• There are times when I hear my name, turn, and recognize Jesus. There are times when faith feels like a friendship with God. But there are many other times when it feels more adversarial or even vacant. Yet none of that matters in the end. How we feel about Jesus or how close we feel to God is meaningless next to how God acts upon us.” (Page 176)

Chapter 17: The Wrong Kind of Different

  • “It was the summer of 2011, and three months earlier a bad thing and a couple of good things had happened” (Page 178)
    • Bad: HFASS was evicted from the church building they had been in for three years
    • Good: Nadia preached at Red Rocks and the Denver Post cover feature, with her picture, had been printed.
      • “This will change everything, I’d thought.” (Page 179)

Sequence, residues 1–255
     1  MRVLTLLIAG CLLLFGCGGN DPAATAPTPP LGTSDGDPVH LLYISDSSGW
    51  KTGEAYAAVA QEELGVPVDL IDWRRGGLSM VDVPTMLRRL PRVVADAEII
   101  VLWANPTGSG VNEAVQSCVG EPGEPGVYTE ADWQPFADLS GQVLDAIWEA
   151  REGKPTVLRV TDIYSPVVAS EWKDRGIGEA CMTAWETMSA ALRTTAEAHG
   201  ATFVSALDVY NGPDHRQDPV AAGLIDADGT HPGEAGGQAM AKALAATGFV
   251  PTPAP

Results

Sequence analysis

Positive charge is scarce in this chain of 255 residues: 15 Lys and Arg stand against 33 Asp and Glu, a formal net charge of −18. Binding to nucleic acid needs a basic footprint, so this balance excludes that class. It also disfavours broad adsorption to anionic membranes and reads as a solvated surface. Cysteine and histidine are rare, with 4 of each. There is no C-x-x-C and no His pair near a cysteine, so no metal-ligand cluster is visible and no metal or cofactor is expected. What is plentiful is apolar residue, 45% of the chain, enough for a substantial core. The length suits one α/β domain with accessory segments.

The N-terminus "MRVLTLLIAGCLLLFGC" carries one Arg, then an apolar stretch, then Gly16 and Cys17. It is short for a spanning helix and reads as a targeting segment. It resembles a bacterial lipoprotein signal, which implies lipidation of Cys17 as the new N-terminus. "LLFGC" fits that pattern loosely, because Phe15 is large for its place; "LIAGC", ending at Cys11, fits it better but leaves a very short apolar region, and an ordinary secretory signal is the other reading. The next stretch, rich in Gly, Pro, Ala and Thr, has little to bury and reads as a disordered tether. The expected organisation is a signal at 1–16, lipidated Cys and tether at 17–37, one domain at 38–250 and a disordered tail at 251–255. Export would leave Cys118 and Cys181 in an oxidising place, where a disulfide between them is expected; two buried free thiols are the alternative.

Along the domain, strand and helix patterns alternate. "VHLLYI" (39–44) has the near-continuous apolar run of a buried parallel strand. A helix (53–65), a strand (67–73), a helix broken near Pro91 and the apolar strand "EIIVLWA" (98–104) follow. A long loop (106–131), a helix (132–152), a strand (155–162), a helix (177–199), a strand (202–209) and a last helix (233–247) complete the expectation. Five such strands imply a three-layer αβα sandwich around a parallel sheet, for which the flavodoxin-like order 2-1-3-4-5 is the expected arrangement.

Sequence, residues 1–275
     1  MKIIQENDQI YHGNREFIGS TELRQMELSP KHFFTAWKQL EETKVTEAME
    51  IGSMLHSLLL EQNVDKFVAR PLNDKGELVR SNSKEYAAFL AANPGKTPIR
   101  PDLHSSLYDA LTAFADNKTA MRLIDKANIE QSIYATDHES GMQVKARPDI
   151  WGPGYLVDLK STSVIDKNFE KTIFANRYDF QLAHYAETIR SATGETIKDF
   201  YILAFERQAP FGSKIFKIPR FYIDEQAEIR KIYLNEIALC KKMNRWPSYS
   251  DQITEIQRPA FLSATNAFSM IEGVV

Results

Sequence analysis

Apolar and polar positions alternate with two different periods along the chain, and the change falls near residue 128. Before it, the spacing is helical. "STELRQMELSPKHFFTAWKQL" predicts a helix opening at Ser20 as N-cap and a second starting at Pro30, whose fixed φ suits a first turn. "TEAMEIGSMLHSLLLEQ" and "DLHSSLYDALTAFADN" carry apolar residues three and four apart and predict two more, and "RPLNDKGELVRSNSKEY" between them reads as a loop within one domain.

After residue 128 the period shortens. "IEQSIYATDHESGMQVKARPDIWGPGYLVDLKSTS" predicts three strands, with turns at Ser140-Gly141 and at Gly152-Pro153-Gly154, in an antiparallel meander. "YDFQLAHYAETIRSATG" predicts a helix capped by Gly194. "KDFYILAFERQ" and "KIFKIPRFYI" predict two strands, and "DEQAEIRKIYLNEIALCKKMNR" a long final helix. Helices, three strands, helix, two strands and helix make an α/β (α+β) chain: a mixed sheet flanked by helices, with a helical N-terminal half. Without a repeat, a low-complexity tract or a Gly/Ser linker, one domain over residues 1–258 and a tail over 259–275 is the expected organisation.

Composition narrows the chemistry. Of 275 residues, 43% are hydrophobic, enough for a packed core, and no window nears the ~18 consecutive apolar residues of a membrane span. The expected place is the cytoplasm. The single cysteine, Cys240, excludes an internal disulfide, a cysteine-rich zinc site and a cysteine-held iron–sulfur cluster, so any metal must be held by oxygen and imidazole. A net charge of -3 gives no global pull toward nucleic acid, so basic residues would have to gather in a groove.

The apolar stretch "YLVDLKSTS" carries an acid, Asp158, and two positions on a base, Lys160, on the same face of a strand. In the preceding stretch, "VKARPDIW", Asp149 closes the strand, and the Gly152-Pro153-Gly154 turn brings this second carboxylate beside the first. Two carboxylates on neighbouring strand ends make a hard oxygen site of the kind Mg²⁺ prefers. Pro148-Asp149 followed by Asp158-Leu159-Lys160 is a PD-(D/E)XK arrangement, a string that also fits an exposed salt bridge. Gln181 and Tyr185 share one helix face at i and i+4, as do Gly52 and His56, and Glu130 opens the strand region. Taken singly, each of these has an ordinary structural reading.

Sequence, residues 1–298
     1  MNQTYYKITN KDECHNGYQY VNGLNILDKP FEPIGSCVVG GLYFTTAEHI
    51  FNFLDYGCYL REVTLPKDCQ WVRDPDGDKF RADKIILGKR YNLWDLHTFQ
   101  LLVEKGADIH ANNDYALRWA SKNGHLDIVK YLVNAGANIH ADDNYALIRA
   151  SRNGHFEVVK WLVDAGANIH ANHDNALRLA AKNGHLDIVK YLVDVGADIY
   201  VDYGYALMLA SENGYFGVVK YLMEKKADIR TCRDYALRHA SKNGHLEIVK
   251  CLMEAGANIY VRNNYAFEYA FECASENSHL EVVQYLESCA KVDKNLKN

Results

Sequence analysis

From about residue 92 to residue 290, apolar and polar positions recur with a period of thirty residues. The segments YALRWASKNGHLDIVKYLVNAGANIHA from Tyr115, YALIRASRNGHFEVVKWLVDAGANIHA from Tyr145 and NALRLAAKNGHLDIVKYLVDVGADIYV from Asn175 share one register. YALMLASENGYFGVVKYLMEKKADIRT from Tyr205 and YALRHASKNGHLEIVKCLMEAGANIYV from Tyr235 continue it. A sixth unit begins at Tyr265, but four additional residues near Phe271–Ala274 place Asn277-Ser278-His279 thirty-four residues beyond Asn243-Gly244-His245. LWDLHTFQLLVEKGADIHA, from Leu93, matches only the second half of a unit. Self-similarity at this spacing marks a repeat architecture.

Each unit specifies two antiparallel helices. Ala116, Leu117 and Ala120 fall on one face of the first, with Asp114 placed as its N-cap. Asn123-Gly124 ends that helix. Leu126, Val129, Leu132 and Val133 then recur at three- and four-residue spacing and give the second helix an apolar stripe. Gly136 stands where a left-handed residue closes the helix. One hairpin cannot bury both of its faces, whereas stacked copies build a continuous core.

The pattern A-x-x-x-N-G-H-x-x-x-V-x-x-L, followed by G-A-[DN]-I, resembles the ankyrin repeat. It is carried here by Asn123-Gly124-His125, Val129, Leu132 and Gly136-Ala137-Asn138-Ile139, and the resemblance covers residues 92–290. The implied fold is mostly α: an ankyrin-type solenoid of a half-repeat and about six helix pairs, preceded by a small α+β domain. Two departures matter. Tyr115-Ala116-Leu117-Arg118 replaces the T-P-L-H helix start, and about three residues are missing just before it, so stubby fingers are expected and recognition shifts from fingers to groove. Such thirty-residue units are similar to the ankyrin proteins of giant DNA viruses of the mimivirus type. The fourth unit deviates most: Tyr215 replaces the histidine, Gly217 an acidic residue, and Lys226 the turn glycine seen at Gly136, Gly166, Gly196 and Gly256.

• Up to this point HFASS rarely had more than 45 people show up on Sunday
      • “When I dreamed of my church growing, I dreamed of having seventy people at liturgy.” (Page 179)
      • “The very next week after Easter — after the Post and after Red Rocks — our church doubled in size.” (Page 180)
  • “But what we didn’t realize was that they were going to stay, and that they wouldn’t look like us.”
  • “As the weeks progressed during the early summer, I found it increasingly more difficult to muster up a welcoming attitude toward a group of people who, unlike the rest of us, could walk into any mainline protestant church in town and see a room full of people who looked just like them.” (Page 181)
  • “I called a meeting for the church to talk about the ‘sudden growth and demographic changes.'” (Page 182)
  • “For the two weeks prior to the meeting, I had been engaged in a heated emotional battle, but now I felt calm.” (Page 183)